NEWS: 5 more articles re: US smuggling bust

Jyothi Kanics---Global Survival Network (jkanics@igc.apc.org)
Mon, 23 Nov 1998 15:05:25 -0500 (EST)

1) Feds Break Alien Smuggling Ring
Saturday November 21 1:56 AM ET
By MICHELLE MITTELSTADT Associated Press Writer

WASHINGTON (AP) - Federal officials are jubilant about crushing a
record-large smuggling
operation responsible for bringing more than 12,000 Indians and other
foreigners into the United
States, but they say the battle to crack down on alien trafficking is far
from over.

``We fully recognize that other criminal networks continue to smuggle aliens
into this country, and
they will continue to do so as long as it remains such a lucrative
business,'' Immigration and
Naturalization Service Commissioner Doris Meissner said Friday.

The smuggling ring, which charged $20,000 or more per person, took in nearly
$220 million over
three years, authorities estimated.

Meissner's comments came as she and Attorney General Janet Reno announced
that authorities
had dismantled the largest illegal alien operation ever uncovered in the
United States.

``Let all those who flout the nation's immigration laws be warned: We plan
to take swift and
decisive action against smuggling whenever we discover it,'' Reno said at a
news conference with
Meissner.

Twenty-one people have been arrested in the United States, Puerto Rico and
the Bahamas as part
of ``Operation Seek and Keep,'' a yearlong smuggling and money-laundering
investigation led by
the INS. A federal grand jury in Dallas charged 31 people in three
indictments containing 58
immigration and money-laundering counts.

The organization's alleged ringleader, Nick Diaz, also known as Nitin
Shettie, was arrested by INS
officials in the Bahamas last week and is in custody in Miami. A second
alleged leader, Navtej Pall
Singh Sandu, was arrested in Puerto Rico. A third suspect, Niranjan Maan
Singh, was being
sought and was believed to be in India.

Officials said the organization, a loose confederation of three separate
cartels, specialized in
smuggling Indian nationals through Moscow to Cuba, where they were sent to
Ecuador, the
Bahamas or Mexico before being smuggled into Texas, Florida and other U.S.
points by land, sea
or air. The ring also allegedly smuggled aliens from Afghanistan, Pakistan
and Syria.

``As this operation demonstrates very clearly, many immigrants entering the
country illegally are no
longer doing so on their own or as part of small, makeshift groups,''
Meissner said. ``Instead, they
are being smuggled in by well-organized, well-financed international
criminal networks.''

The illegal immigrants, some of whom were in transit for years, were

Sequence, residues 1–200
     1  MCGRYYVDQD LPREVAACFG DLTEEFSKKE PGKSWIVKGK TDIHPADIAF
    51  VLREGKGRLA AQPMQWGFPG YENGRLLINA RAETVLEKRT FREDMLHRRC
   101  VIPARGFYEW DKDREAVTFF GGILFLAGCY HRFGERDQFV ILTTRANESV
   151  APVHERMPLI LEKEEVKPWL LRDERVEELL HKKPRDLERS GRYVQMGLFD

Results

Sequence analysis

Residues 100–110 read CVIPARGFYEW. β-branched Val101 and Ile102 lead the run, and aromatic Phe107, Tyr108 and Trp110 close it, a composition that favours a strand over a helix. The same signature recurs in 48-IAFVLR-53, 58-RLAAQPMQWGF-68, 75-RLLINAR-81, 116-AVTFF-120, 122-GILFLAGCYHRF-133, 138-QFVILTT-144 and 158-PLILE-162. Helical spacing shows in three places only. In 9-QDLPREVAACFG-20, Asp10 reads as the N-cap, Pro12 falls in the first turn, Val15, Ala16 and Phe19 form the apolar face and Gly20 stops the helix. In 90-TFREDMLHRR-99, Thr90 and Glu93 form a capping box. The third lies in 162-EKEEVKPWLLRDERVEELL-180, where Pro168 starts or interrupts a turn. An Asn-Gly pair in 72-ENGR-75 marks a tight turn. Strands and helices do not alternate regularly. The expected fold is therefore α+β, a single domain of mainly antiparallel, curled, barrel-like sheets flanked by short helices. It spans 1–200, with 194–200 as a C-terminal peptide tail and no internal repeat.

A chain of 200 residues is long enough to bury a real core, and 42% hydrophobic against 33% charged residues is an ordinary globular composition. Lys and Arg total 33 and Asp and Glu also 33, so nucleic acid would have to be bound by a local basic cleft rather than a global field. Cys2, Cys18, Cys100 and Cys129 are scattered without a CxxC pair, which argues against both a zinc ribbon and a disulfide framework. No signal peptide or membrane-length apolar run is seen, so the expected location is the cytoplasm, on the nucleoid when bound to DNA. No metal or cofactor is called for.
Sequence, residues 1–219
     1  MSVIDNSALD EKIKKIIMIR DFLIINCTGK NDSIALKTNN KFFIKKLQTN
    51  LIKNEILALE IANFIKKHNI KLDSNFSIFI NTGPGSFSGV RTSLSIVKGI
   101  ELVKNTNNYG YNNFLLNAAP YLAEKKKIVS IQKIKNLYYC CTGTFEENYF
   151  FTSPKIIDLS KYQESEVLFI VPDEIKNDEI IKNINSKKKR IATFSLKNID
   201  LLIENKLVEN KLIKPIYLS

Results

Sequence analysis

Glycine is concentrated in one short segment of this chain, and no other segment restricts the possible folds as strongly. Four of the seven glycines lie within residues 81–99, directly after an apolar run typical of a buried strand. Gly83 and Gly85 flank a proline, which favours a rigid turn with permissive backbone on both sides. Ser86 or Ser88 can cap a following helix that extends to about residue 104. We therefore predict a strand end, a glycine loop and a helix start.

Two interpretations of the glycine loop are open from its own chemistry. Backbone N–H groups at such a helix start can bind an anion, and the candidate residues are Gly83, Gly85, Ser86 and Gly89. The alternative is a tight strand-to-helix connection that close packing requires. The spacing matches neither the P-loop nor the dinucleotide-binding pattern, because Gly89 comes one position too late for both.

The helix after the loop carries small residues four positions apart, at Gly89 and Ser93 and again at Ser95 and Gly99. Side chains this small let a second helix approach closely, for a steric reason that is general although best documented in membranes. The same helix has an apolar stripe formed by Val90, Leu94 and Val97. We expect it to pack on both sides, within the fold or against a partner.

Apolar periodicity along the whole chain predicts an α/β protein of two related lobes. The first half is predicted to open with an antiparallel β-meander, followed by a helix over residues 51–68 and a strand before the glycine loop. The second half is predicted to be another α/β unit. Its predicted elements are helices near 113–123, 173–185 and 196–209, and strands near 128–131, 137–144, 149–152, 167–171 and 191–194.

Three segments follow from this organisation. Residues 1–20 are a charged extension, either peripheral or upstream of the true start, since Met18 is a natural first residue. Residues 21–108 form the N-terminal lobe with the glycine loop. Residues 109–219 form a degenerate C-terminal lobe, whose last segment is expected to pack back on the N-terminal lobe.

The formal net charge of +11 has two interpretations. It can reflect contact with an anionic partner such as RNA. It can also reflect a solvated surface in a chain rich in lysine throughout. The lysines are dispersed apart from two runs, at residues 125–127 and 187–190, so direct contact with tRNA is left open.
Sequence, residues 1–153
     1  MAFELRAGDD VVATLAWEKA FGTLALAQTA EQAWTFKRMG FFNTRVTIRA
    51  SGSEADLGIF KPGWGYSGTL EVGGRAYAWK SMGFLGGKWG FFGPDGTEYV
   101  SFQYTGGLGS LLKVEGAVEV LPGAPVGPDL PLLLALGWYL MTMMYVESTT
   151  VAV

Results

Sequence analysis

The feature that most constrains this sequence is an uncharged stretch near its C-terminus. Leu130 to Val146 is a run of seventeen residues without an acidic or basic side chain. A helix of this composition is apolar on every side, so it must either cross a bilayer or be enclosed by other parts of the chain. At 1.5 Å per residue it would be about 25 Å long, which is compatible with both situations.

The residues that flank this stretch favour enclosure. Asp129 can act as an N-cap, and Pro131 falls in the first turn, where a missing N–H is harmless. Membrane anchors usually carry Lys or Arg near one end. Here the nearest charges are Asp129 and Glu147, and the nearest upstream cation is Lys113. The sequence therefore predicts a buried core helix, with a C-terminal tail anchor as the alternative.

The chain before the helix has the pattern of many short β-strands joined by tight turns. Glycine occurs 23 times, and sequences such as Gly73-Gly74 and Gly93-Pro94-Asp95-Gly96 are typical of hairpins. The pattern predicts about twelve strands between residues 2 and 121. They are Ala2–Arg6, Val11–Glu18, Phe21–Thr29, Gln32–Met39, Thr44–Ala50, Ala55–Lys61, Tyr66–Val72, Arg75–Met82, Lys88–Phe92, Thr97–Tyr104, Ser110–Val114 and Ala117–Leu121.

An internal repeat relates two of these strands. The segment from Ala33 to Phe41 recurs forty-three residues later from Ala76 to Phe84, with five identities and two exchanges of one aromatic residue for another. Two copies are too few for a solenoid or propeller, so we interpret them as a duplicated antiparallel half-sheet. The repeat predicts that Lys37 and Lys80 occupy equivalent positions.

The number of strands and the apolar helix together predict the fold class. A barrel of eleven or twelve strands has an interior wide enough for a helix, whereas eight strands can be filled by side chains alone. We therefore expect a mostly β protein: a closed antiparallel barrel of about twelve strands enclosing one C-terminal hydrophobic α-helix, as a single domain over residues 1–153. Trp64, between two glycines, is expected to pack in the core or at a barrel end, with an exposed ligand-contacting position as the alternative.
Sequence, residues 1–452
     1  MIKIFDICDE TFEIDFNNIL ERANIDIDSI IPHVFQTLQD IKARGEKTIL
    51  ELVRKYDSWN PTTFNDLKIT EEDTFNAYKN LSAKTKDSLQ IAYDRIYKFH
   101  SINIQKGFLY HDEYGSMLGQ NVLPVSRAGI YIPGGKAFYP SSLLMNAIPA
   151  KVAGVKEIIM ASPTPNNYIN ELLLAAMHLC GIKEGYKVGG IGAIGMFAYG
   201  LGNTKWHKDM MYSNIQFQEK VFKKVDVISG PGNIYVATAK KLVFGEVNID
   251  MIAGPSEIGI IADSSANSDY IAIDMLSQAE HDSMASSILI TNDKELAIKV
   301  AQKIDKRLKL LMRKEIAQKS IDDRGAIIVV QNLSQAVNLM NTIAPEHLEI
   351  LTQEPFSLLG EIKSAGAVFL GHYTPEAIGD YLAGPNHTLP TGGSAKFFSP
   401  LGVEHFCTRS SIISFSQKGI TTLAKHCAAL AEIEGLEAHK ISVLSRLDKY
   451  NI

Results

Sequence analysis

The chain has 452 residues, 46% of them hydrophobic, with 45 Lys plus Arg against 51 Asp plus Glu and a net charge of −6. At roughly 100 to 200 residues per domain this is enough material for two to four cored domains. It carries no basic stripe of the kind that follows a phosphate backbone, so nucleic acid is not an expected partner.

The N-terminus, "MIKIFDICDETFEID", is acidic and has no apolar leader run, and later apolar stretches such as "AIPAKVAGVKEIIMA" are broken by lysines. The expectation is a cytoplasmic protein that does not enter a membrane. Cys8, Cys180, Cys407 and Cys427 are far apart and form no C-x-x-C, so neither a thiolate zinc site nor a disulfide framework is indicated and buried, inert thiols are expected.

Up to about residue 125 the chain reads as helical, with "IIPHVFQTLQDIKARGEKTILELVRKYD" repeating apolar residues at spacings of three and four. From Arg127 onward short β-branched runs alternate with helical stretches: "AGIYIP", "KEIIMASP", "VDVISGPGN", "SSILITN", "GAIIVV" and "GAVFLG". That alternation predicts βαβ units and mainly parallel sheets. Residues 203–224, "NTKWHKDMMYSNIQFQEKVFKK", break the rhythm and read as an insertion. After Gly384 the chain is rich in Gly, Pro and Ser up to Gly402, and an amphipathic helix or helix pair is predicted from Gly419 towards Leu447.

detained in secret houses in
New Jersey, Florida and elsewhere until their families or prospective
employers paid their
smuggling fees. Aliens whose smuggling fees were paid by an employer worked
for that employer
until the debt was paid off, officials said.

Officials would not name the employers or specify their industries.

But U.S. Attorney Paul Coggins of the Northern District of Texas, where the
investigation began,
said numerous worksite enforcement actions will result. ``We have
approximately 1,000 leads
across this country in connection with the unscrupulous businesses that
placed orders for these
illegal aliens,'' he said.

While most of the smuggled aliens remained on the East Coast, the INS said
its investigation
identified aliens or employers in 38 states. Some of the aliens are being
held as material witnesses,
Coggins said.

The governments of the Bahamas, Canada, Ecuador, India and Panama cooperated
in the
investigation, which also involved the FBI, the U.S. Customs Service, the
Internal Revenue
Service, the State Department and the Postal Inspection Service.

After beginning its arrests last week, the INS discovered that some of the
aliens were being housed
in transit countries. Bahamian officials found 31 Indian nationals, and
Ecuadorian officials found 30
being held at a smuggler's residence.

The U.S. government is working to give Cuba information about smugglers and
37 Indians held in
transit there.
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2) U.S. Busts Ring Smuggling Indians Via Moscow, Cuba
Saturday November 21 12:39 AM ET
By Anthony Boadle

WASHINGTON (Reuters) - U.S. immigration agents broke up a ''flesh cartel''
that smuggled more
than 12,000 illegal immigrants into the United States from Asia through
Russia, Cuba and the
Bahamas, officials announced Friday.